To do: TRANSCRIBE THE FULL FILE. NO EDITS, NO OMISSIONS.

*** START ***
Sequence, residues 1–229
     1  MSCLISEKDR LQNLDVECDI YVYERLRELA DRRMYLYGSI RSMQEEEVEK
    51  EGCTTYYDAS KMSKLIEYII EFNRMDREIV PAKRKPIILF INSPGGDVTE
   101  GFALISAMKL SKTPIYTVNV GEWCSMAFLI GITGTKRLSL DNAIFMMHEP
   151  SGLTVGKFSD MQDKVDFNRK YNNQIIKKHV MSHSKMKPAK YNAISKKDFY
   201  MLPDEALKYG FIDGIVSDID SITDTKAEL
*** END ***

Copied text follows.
Sequence, residues 1–229
     1  MSCLISEKDR LQNLDVECDI YVYERLRELA DRRMYLYGSI RSMQEEEVEK
    51  EGCTTYYDAS KMSKLIEYII EFNRMDREIV PAKRKPIILF INSPGGDVTE
   101  GFALISAMKL SKTPIYTVNV GEWCSMAFLI GITGTKRLSL DNAIFMMHEP
   151  SGLTVGKFSD MQDKVDFNRK YNNQIIKKHV MSHSKMKPAK YNAISKKDFY
   201  MLPDEALKYG FIDGIVSDID SITDTKAEL